Reproduction: Western Scrub-Jays typically nest in trees or shrubs. The female builds the nest and lays a clutch of 3 to 6 eggs, which are pale green or bluish-green in color. The female incubates the eggs and takes the lead in feeding the chicks, although the male may assist in feeding as well.

Mexican Jay

Scientific NameAphelocoma wollweberi
Length12 in
Wingspan20 in
Weight120 g

The Mexican Jay, native to the southwestern United States and Mexico, is a charismatic and intelligent bird known for its vibrant appearance and social behavior. With a striking combination of blue, black, and white feathers, it stands out amidst the arid landscapes it inhabits. Mexican Jays are medium-sized birds with a robust build and a crest on their head, adding to their distinctive charm.

These birds are highly social and often form large flocks that engage in cooperative behaviors such as mobbing predators or foraging together. They have a wide-ranging diet, including seeds, fruits, insects, and even small vertebrates. Mexican Jays are also known for their remarkable vocalizations, which consist of a variety of calls, including raucous squawks and melodious notes.

Indigo Bunting

Scientific NamePasserina cyanea
Length4.5–5.1 in
Wingspan7.1–9.1 in
Weight11.2–21.4 g

The Indigo Bunting is a strikingly vibrant songbird, often hailed for its brilliant blue plumage and melodic song that graces woodlands and meadows during the warmer months.

Appearance: Males are renowned for their bright indigo blue feathers, which can appear darker in certain lights. Females and juveniles, on the other hand, are brown with subtle hints of blue on their wings and tail. The species lacks the vibrant streaking or spotting commonly found in many other songbirds.

Diet: Indigo Buntings primarily subsist on seeds, especially during non-breeding seasons. During the breeding season, they also consume a variety of insects such as beetles, caterpillars, and spiders, providing essential protein for their growing chicks.

Reproduction: Indigo Buntings build their nests close to the ground in shrubs or low tree branches. These nests, crafted meticulously with grasses and other plant materials, cradle clutches of typically 3 to 4 eggs. After hatching, the young are fed by both parents until they’re ready to fledge.

Lazuli Bunting

Scientific NamePasserina amoena
Length5.1-5.9 in
Wingspan8.7 in
Weight13-18 g

The Lazuli Bunting is a vibrant songbird recognized for its brilliant colors and melodious song, frequently seen in brushy areas and woodlands during the summer months.

Appearance: The male boasts a dazzling bright blue head and back, offset by a white belly and rust-orange breast. Females and immature birds present a more muted brownish hue overall, with a hint of blue on the wings and tail.

Diet: Lazuli Buntings primarily feed on seeds, but during the breeding season, they’ll also consume insects. Their strong, conical beaks are perfectly adapted for seed-cracking.

Reproduction: The female Lazuli Bunting constructs a cup-shaped nest using grasses, twigs, and other fine materials, often placing it in a shrub or low tree. She typically lays a clutch of 3-4 pale blue or white eggs.

Blue Grosbeak

Scientific NamePasserina caerulea
Length5.5 to 7.5 in
Wingspan10 to 11 in
Weight26 to 31.5 g

The Blue Grosbeak is a medium-sized songbird found in North and Central America. The male Blue Grosbeak displays stunning plumage with deep blue feathers on its body and head, while the female has more subdued brownish tones. Both sexes have a thick, conical bill, which gives them their name “grosbeak,” meaning large beak.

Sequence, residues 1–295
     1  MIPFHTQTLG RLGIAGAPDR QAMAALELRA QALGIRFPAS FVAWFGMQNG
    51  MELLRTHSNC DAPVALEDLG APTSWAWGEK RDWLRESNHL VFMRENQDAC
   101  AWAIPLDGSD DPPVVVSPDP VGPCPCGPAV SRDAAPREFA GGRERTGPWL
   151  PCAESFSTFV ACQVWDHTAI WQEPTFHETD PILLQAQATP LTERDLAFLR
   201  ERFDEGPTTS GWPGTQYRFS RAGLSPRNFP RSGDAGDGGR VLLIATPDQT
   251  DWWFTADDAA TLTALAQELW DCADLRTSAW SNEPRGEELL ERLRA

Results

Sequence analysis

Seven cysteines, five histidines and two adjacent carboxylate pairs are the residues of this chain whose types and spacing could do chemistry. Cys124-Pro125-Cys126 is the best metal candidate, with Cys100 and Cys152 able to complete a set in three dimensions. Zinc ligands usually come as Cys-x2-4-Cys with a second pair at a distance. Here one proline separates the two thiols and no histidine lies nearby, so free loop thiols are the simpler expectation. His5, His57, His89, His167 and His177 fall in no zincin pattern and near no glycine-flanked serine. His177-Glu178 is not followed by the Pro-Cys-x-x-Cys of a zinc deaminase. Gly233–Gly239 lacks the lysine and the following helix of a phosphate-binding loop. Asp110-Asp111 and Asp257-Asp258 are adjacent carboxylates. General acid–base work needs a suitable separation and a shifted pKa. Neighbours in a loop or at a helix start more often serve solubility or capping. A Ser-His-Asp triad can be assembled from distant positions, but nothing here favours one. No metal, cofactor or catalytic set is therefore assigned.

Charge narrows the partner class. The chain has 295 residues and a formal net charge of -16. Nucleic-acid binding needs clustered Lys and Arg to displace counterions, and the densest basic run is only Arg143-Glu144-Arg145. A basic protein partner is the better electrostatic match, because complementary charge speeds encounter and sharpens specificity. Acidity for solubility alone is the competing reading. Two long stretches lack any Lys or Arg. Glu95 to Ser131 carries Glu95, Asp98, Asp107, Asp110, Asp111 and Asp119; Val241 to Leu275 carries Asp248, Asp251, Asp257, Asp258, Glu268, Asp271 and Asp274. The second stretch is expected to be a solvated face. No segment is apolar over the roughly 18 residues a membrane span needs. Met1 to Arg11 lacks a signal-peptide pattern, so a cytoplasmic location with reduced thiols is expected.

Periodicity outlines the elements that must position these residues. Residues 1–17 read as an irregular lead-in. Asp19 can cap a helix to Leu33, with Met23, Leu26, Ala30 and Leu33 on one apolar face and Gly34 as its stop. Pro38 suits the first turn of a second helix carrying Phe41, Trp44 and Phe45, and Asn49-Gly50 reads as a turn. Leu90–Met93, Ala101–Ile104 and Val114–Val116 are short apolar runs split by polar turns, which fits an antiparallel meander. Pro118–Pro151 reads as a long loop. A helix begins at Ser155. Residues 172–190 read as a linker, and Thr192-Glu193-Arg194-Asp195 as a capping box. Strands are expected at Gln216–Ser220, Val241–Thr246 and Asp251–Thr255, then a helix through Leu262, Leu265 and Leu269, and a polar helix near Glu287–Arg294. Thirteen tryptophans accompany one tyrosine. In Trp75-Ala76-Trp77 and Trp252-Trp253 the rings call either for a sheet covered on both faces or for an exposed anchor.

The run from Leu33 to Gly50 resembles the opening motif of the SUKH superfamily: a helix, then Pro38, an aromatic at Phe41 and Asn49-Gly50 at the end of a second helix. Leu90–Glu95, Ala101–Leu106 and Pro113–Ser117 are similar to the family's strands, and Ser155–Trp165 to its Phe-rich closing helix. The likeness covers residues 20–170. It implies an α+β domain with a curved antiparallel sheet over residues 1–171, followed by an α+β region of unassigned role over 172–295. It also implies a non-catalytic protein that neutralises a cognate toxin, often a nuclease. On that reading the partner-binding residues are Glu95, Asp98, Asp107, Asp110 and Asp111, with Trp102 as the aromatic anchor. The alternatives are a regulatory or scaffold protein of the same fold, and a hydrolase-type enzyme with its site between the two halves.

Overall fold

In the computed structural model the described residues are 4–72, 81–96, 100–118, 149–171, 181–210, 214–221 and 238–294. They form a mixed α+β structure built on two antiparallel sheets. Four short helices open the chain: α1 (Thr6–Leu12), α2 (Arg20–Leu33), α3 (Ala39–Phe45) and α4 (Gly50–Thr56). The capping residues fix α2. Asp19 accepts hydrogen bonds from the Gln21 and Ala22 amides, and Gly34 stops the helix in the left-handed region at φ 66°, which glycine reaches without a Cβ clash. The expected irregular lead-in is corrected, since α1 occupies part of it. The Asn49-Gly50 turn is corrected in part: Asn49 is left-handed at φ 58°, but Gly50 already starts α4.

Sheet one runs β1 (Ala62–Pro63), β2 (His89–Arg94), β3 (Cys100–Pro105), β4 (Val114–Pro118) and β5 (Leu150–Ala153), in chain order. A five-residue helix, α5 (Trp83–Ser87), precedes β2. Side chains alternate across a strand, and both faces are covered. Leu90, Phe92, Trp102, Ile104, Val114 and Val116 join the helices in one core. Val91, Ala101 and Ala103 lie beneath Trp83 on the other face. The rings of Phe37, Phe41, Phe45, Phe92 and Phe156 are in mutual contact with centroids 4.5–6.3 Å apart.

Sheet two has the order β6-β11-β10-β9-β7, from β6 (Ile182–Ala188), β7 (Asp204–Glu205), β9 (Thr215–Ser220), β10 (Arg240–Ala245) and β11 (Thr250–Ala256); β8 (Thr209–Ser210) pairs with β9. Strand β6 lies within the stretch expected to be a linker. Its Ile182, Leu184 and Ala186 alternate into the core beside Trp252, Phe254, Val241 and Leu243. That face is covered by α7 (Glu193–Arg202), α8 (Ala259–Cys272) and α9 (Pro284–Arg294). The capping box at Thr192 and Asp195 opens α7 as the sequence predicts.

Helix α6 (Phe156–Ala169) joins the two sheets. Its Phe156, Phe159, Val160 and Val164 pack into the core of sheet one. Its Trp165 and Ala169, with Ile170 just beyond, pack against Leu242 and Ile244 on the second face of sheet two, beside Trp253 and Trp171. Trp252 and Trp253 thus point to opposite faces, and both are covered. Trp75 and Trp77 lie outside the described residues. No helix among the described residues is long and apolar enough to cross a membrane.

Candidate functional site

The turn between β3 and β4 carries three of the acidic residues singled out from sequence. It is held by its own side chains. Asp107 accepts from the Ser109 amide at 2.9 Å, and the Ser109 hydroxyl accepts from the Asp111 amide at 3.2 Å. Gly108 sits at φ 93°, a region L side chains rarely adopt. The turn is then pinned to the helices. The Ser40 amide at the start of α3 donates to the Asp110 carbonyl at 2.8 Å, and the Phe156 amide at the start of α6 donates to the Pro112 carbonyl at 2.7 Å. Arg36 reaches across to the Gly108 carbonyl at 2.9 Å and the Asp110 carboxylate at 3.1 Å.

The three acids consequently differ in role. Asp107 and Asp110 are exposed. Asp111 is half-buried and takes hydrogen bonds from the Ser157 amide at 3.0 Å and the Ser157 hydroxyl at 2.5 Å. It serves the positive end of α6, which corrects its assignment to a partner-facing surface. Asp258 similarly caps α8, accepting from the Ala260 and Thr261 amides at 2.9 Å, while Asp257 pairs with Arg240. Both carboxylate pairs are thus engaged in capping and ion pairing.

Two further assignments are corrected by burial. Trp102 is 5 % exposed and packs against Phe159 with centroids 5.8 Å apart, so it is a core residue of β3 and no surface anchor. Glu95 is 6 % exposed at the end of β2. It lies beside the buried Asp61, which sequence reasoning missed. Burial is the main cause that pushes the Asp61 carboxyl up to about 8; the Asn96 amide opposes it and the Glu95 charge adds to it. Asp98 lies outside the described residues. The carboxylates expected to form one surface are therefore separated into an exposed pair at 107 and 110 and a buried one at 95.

These birds prefer open habitats such as grasslands, brushy areas, and woodland edges. Blue Grosbeaks are known for their melodious songs, which consist of a series of rich and varied notes. They primarily feed on seeds and insects, using their strong beaks to crack open seeds and forage on the ground or in low vegetation.

Blue-winged Warbler

TraitBlue-winged Warbler
Scientific NameVermivora cyanoptera
Length4.3-4.7 inches
Wingspan6.7-7.5 inches
Weight0.3-0.4 ounces

The Blue-winged Warbler is a vibrant songbird that stands out with its lemon-yellow coloring and buzzing song.

Appearance: This warbler displays a brilliant yellow body contrasted by blue-gray wings and a slim, black line through the eyes. The wings also feature two white wing bars.

Diet: The diet of the Blue-winged Warbler primarily consists of insects and spiders. They actively forage in shrubs and low trees, picking off their prey from the foliage.

Reproduction: Blue-winged Warblers build their nests on or near the ground, using grasses and other fine materials. The female lays a clutch of 4-6 eggs, which she incubates.

Cerulean Warbler

TraitCerulean Warbler
Scientific NameSetophaga cerulea
Length4.5 inches
Wingspan7.9-8.7 inches
Weight0.3-0.4 ounces

The Cerulean Warbler is a striking songbird known for its sky-blue plumage and flitting movements in the forest canopy.

Appearance: Males boast a vibrant cerulean blue color on their upperparts, with streaked underparts, and a black necklace. Females have a more subdued bluish-green hue and lack the prominent black markings seen in males.

Diet: The diet of the Cerulean Warbler is predominantly made up of insects and spiders. They actively forage high in the treetops, gracefully maneuvering through leaves and branches.

Reproduction: Cerulean Warblers nest in the upper branches of tall deciduous trees. The female weaves a shallow cup-shaped nest and lays a clutch of 3-5 eggs.

Black-throated Blue Warbler

Scientific NameSetophaga caerulescens
Length5.1 in
Wingspan7.5-7.9 in
Weight8.4–12.4 g

The Black-throated Blue Warbler is a small migratory bird that breeds in the eastern United States and parts of Canada. The male Black-throated Blue Warbler displays a striking appearance with deep blue plumage on its upperparts, contrasting sharply with a black throat and a white belly. Females, on the other hand, have more muted colors, featuring grayish-olive plumage with a lighter throat.